Political MoJo

Tracing the Digital Trails We Leave -- and Government Follows

| Thu Sep. 14, 2006 7:11 PM EDT

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Here's a cool thing from Medill Journalism School -- a Flash presentation showing how your personal data can be used by the federal government or analyzed by intelligence agencies. (Yes, Flash can be annoying, as we've been hearing a lot lately; but there are some things, like this, that it can do very well; so give it a whirl.) It reveals how the government uses data mining and what data, from both public records and private data aggregators, is studied, what the privacy rules are and whether they're followed - and outlines "the digital trails we all leave in our daily lives."

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Princeton: Diebold's Newest Voting Machine...Sucks

| Thu Sep. 14, 2006 6:51 PM EDT

Talking of voting hiccups, the Center for Information Technology and Policy got hold of one of Diebold's latest-model voting machine, the AccuVote-TS, and took it for a spin. What they found is not reassuring.

1) Malicious software running on a single voting machine can steal votes with little if any risk of detection. The malicious software can modify all of the records, audit logs, and counters kept by the voting machine, so that even careful forensic examination of these records will find nothing amiss. We have constructed demonstration software that carries out this vote-stealing attack.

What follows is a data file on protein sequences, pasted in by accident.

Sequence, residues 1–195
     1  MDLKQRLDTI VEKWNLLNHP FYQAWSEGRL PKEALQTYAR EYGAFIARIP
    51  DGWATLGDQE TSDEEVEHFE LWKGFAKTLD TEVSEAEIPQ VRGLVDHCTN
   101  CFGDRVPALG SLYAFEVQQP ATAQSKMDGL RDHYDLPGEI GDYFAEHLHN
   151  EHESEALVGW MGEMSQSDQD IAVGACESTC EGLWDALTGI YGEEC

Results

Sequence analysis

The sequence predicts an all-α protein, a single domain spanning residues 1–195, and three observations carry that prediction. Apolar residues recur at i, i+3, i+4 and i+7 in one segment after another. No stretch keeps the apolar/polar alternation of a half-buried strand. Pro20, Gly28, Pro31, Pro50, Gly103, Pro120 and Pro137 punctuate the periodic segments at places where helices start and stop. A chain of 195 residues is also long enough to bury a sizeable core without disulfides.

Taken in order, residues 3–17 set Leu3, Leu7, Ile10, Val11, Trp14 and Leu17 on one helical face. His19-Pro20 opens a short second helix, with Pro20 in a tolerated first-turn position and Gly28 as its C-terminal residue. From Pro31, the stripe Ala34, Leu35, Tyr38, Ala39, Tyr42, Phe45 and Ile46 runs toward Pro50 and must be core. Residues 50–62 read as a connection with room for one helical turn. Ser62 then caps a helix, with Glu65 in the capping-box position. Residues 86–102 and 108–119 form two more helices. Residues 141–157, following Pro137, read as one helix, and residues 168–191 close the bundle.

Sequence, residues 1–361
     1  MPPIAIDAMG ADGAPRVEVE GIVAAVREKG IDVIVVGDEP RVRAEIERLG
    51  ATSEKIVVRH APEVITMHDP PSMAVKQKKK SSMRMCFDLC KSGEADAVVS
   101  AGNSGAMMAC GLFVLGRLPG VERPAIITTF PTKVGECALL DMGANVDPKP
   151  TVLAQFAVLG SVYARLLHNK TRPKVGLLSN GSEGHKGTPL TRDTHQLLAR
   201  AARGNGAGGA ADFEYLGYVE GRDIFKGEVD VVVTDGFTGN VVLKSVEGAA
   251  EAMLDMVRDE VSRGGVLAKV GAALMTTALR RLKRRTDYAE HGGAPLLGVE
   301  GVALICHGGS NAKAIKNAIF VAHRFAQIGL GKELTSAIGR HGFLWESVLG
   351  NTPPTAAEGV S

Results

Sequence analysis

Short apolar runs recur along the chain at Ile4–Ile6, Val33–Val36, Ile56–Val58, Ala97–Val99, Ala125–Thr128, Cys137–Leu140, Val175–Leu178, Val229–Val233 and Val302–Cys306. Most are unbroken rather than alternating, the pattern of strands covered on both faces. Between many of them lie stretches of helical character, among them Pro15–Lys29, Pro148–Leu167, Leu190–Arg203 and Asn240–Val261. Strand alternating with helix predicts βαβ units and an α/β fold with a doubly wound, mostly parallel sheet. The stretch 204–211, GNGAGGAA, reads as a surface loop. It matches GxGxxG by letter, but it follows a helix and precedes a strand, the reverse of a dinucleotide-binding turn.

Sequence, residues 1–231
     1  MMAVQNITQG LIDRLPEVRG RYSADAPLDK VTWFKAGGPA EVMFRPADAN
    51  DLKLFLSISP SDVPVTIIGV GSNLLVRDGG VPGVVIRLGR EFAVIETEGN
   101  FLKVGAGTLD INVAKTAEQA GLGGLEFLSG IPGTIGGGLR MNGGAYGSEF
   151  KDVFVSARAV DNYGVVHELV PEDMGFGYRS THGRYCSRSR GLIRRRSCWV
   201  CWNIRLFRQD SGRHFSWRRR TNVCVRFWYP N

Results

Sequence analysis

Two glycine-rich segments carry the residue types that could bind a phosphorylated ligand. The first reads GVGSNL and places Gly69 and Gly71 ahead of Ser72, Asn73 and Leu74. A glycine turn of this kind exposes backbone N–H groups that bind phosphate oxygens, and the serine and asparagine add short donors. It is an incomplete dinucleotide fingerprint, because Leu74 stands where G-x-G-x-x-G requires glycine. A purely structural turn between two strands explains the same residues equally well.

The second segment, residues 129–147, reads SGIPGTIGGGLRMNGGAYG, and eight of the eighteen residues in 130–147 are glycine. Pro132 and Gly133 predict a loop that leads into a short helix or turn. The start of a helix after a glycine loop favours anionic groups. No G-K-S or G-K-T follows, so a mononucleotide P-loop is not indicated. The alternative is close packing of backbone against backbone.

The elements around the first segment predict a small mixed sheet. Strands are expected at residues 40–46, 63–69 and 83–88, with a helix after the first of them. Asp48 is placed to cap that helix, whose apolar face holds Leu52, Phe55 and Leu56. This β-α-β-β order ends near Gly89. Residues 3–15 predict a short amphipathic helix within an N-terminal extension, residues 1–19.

2) Anyone who has physical access to a voting machine, or to a memory card that will later be inserted into a machine, can install said malicious software using a simple method that takes as little as one minute. In practice, poll workers and others often have unsupervised access to the machines.

3) AccuVote-TS machines are susceptible to voting-machine viruses — computer viruses that can spread malicious software automatically and invisibly from machine to machine during normal pre- and post-election activity. We have constructed a demonstration virus that spreads in this way, installing our demonstration vote-stealing program on every machine it infects.

4) While some of these problems can be eliminated by improving Diebold's software, others cannot be remedied without replacing the machines' hardware. Changes to election procedures would also be required to ensure security.

In the November 2006 elections, these machines are scheduled to be used in 357 counties representing nearly 10 percent of registered voters.

More on Diebold here and here.

Politicians Cast Opponents as Villains. No, Really.

| Thu Sep. 14, 2006 6:16 PM EDT

Yes, that's right, at least according to AP. Republican candidates "are eager to drop names like Pelosi, Clinton and Kerry [Each of these things is not like the others. Discuss.] in an attempt to associate their opponents with liberals and raise fears about what would happen if Democrats took control of Congress." Other boogeymen include Osama bin Laden, Kim Jong-Il, and, yes, Markos Moulitsas Zuniga, described in a recent RNC briefing as "a partisan nutroot who turned his hate-filled blog Daily Kos into a leadership post in the Democrat Party." (The blog can be way grating, true; but he's always struck me as a smart, thoughtful type unafraid to call BS on lame Democrats, which is an odd way of being "partisan.")

Democrats aren't above using boogeymen in their turn, as in a recent ad "showing a montage of GOP Senate candidates and Bush, followed by images of men sneaking across the border sandwiched between shots of bazooka-toting terrorists, bin Laden and the North Korean president." (Huh?) The ad was quickly withdrawn when Hispanic leaders complained. All of which explains, for the umpteenth time, why politicians are held in such widespread contempt--both because this kind of denigration by association can work and because the puerility and lameness of the strategy is so self-evident.

Palestinian Refugees Targeted by Shia Militia

| Thu Sep. 14, 2006 5:45 PM EDT